Equity Analysis /

Nigeria Banks: Good fundamentals, but tricky technicals; Buy

    Olabisi Ayodeji
    Olabisi Ayodeji

    Equity Research Analyst, Banks (Africa)

    Rahul Shah
    Ayodeji Dawodu
    Tellimer Research
    10 October 2019
    Published by

    We extend our models to 2023 and update our estimates to reflect the changing regulatory backdrop. Our earnings forecasts and TPs are lower, but ratings are unchanged – the sector still trades at attractive levels.

    Lowering medium-term estimates to reflect regulatory changes. We forecast a 6% CAGR for earnings in FY 19f-22f for the Nigeria banks we cover, with ROEs averaging 16.5% over the period. These numbers are below our previous estimates (11% and 18.6%, respectively) – we have cut our forecasts to incorporate the Central Bank of Nigeria’s (CBN) measures to force banks to lend and the government’s efforts to raise tax revenue. These lead us to anticipate lower gross asset yields, higher loan loss provisions, and higher effective tax rates. Pre-provision profits should rise c8% pa in FY 19f-22f (10% previously), supported by stronger asset growth, higher fees and commissions, and lower cost of funds.

    Fundamentals look good, but technicals could stay unfavourable. Our universe of Nigeria banks is down 20% YTD, despite steady profits and stronger capital and asset quality ratios (FY 20f PB of 0.4x vs frontier at 1.0x). Technical factors have outweighed fundaments for investors, in our view, due to weak policy/reform expectations, the volatile regulatory environment and uninspiring macro factors. We expect banks’ profitability to remain resilient, but weak sentiment toward Nigeria equities generally could keep valuations depressed, posing major downside risk to our Buy ratings.

    Top picks are GTB, Stanbic IBTC and Zenith, given the weak operating environment and regulatory risks in Nigeria, which have potentially negative implications for margins and asset quality. These banks, although also at some risk, should show greater resilience – GTB and Zenith’s relatively low cost/income ratio should cushion the impact of any margin weakness; and Stanbic should be supported by its profitable wealth segment. Our preferred banks also have superior NPL provisions coverage and capital ratios. Finally, we believe these banks are investors’ favourites, and could gain the most from any improved level of interest in Nigeria.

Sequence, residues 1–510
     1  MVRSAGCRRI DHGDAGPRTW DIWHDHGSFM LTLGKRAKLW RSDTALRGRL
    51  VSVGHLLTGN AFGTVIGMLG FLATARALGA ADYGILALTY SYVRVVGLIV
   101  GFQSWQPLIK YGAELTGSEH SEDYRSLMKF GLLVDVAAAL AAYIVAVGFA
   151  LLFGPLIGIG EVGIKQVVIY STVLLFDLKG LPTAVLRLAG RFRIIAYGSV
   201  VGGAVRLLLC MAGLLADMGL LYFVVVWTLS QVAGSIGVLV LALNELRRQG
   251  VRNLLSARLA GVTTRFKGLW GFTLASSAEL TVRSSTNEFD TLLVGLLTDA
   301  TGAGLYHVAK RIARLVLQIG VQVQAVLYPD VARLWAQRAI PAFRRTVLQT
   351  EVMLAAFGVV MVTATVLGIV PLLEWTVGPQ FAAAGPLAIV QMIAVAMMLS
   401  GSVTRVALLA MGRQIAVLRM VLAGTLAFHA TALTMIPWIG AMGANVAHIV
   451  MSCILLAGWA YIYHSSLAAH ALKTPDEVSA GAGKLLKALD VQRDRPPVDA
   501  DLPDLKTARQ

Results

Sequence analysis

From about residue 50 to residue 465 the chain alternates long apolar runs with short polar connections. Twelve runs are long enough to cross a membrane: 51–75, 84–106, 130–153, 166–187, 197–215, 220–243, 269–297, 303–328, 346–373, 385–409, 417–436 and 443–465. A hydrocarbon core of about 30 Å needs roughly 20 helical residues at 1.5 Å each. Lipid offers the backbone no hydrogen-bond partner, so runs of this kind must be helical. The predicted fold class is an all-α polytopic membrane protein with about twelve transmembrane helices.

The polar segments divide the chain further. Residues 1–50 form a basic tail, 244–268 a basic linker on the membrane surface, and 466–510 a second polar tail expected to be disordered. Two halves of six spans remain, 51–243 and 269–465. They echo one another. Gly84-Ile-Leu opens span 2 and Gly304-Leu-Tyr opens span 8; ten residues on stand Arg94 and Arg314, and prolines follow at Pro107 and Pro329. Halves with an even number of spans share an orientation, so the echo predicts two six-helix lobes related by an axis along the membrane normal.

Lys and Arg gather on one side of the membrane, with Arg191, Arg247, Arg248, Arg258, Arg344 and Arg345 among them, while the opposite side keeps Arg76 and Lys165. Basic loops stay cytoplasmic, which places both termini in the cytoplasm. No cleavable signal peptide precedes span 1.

Access, FBNH and Fidelity should record the strongest medium-term growth in pre-provision profits. Following a weak FY 19 for Access and FBNH, we expect pre-provision profits to pick up for both banks in FY 20-22, driven by operating efficiency gains following the Access-Diamond merger and completion of FBNH’s restructuring. We also expect lower funding costs and stronger core revenue for Access, given its enhanced retail franchise. Fidelity’s recent strong loan growth and rapidly growing digital banking franchise should drive its profits. That said, we are more cautious on this group of banks, which has higher asset quality risks in our view, and will likely generate ROE below our cost of equity estimates. 

    Other key downside risks to our outlook and recommendations relate to the macro and regulatory backdrop. Our analysis shows FBNH, FCMB and UBA are most vulnerable to regulatory risks, given their balance sheet structures (end-H1), high earnings sensitivity to margin changes, and relatively weak provisions coverage. Also, with three payment service bank licenses now issued in Nigeria, banks face more competition for retail and digital customers – FBNH, GTB and Zenith are our top e-banking plays